Karl Wiener

The snowman

          Even the sun itself seemed to enjoy the wonderful winters day. There wasnít a cloud to be seen. The rafters of the cottages in the valley seemed to buckle under the weight of snow that covered the roofs, and from each chimney there beckoned a trail of smoke. The slope behind the cottages had been commandeered by the children as a sledge-run and echoed with their delight as they slid and tumbled head over heels down the hill. Peals of laughter could be heard. They came from the snowball fights whenever a hit was scored. There amidst the children stood the lonely figure of a snowman leaning on his broom. Under the crumpled hat that covered his head, a wide grin stretched from ear to ear. A pipe warmed his red nose and his coal black eyes watched the bustle around him with some amusement.
           The fun and the games lasted until dusk, when the children reluctantly returned to their homes. Now they sat in front of their cosy fire-place, enjoying baked apples and listening to their grandfather, who told about the old snowman and his adventures.                 
           Outside the snowman remained silent and lonely, gazing up at the night sky. There was silence. But suddenly the stillness was broken by the beat of wings. A flock of wild geese alighted on the ice of the village pond. Cackling and flapping their wings they talked about the events of the day. But soon tiredness from their long flight overcame them. One by one they became silent and snuggled down for the night. Once again the snowman felt lonely.
           However, one restless goose continued to waddle up and down searching for the elusive blade of grass beneath the snow. So it was that she became aware of the snowman. Somewhat curious she approached to study this funny figure of a man. What a strange looking fellow she thought, standing there mute, without any sign of movement. The goose was about to turn away again when the sound of a deep sigh made her stop and listen. The snowman looked so miserable that the goose was sorry for him. She asked the reason for his sadness. "Well", said the snowman, "winter will soon be coming to an end, the snow will melt, and Iíll quit this world. Iíll never get to see the spring".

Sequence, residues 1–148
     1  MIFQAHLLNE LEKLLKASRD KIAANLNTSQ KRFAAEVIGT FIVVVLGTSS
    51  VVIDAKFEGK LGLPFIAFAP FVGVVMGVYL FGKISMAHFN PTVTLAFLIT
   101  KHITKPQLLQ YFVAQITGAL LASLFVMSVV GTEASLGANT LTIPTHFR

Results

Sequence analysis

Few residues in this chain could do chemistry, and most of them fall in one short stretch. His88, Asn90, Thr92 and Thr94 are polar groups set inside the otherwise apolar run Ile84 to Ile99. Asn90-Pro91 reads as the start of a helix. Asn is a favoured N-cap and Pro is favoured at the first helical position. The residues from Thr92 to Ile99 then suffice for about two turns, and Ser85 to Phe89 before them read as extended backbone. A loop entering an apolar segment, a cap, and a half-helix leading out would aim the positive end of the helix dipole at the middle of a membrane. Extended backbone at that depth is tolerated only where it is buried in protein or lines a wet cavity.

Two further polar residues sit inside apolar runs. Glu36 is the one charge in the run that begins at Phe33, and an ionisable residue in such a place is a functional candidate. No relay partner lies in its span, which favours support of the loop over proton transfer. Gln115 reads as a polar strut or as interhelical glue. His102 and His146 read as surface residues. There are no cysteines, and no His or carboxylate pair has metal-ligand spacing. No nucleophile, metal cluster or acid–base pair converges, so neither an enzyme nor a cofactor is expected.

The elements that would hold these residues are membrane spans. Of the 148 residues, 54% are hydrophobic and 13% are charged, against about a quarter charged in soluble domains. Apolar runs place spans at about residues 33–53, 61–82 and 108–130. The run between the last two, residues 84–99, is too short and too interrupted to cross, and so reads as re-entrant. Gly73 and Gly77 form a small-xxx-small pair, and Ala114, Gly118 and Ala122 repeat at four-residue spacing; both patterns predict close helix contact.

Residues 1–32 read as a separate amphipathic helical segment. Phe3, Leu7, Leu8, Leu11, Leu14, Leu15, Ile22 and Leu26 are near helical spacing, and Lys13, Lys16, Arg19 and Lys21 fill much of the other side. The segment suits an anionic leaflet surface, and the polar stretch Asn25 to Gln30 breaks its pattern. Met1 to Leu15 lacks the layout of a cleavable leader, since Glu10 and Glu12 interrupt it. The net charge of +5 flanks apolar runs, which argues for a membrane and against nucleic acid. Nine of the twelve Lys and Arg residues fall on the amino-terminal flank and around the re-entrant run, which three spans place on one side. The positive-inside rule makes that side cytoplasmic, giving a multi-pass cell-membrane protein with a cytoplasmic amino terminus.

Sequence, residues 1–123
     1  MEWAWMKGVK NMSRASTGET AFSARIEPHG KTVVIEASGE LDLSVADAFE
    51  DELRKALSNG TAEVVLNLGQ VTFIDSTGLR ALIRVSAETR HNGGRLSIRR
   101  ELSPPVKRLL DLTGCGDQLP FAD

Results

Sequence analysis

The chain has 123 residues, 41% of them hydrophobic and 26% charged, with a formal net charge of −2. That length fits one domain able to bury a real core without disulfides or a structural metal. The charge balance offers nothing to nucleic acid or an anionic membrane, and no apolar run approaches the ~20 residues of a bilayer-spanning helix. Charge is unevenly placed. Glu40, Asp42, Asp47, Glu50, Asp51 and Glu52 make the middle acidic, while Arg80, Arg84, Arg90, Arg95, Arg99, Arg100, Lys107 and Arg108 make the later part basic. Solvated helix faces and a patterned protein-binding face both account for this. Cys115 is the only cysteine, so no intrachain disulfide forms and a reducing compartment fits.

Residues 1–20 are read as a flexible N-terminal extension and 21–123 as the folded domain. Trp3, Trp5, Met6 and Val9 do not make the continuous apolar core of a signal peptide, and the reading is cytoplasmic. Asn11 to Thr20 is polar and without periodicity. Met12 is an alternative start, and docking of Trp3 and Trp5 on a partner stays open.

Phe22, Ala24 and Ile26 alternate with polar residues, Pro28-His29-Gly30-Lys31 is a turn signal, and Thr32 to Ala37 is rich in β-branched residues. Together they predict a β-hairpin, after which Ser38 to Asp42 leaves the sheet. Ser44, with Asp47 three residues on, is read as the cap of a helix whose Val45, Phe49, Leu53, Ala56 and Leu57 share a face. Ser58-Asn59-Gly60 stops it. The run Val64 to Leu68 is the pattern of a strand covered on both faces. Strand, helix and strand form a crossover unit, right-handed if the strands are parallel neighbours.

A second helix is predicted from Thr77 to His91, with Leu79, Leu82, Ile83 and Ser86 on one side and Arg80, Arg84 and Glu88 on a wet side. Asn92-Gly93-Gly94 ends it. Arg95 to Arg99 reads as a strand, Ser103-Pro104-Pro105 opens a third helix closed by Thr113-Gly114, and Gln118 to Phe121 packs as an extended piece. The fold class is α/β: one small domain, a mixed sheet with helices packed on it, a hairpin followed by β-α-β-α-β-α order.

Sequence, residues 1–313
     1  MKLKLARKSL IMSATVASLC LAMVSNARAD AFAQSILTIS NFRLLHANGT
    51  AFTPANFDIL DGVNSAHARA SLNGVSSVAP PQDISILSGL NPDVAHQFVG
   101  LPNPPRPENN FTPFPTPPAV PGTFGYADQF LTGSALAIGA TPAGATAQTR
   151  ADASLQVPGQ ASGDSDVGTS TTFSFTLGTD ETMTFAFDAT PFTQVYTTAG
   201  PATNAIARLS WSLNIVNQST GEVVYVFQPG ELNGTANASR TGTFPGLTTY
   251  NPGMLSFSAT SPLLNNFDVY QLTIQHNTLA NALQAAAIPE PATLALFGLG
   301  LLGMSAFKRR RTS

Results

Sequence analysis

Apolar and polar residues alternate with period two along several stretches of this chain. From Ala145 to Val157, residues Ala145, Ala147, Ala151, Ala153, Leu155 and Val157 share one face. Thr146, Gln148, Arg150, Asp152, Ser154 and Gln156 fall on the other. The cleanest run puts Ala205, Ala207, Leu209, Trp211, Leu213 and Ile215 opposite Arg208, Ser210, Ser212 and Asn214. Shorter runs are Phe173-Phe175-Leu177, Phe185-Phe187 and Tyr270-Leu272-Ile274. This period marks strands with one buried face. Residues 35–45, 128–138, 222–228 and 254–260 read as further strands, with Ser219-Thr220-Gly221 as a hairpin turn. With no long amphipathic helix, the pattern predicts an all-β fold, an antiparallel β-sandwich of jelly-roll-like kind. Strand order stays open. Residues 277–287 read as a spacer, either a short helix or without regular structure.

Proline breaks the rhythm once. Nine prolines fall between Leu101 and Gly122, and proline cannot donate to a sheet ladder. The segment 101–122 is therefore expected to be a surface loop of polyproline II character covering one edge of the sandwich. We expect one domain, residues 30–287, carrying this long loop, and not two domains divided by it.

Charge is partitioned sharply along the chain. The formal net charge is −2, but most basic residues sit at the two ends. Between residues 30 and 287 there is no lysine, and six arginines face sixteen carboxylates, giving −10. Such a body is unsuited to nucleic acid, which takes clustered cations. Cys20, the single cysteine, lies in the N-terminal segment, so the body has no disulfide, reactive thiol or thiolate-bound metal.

The snowmanís grief touched the goose and she wondered how she could be of help. Finally she had an idea. "Tomorrow", she said, Ąweíll be flying westward up over the mountains where the snow never melts. If youíll follow the trail of our flock, it will lead you up into the mountains of which I spoke". The snowman reflected on the words of the goose, and before he fell asleep he had reached a decision.
          Next morning the children were surprised to find their old snowman had disappeared. Heeding the advice of the goose he had set out for the mountains where the snow never melts. It was a long way, and if it wasnít for Father Christmas, who passed at midway offering a ride on his sleigh, he would never have reached his destination. The reindeers pulling the sleigh ran like the wind and set him down on the highest peak of the mountains. There, having arrived at what he believed to be his future home, overcome with fatigue, he fell into a deep sleep and dreamt of a world of sunshine, full of flowers and laughing children.
          But next morning, when he opened his eyes, he saw the sky was overcast. Dark clouds surrounded him. Above the summits a storm was blowing, whilst fog hid the valley below. It seemed that the winter with all the hail and snow was doing its best to prevent the onset of spring. The bad weather carried on for many days. But then one morning he awoke to find the fog had lifted and he could look down into the valley. The snowman saw, what no snowman had seen before. Down in the valley nature had woken from its long slumber. Children romped beside the banks of a brook that meandered through a meadow covered with beautiful flowers. The snowman gazed at the children playing and marvelled at the sun glittering on the surface of the water. But he could neither hear the childrenís laughter nor the murmur of the brook. Not a sound reached his ears from the valley below. To be honest, he didnít feel as if he belonged to the world down there.
          The snowman longed to be amidst the children. So he made his way step by step down towards the valley. But in his excitement he lost his balance and like a clap of thunder he tumbled down and down landing as a big heap of snow on the floor of the valley. The children approached the scene with shouts of joy to romp in the snow before it finally melted and joined droplet by droplet a big cloud. Since that time that cloud drifts around the world. The wind pushes it towards the morning sunrise, and the children wait for the next winter when the droplets will fall as snow to earth again.

All rights belong to its author. It was published on e-Stories.org by demand of Karl Wiener.
Published on e-Stories.org on 11/06/2007.


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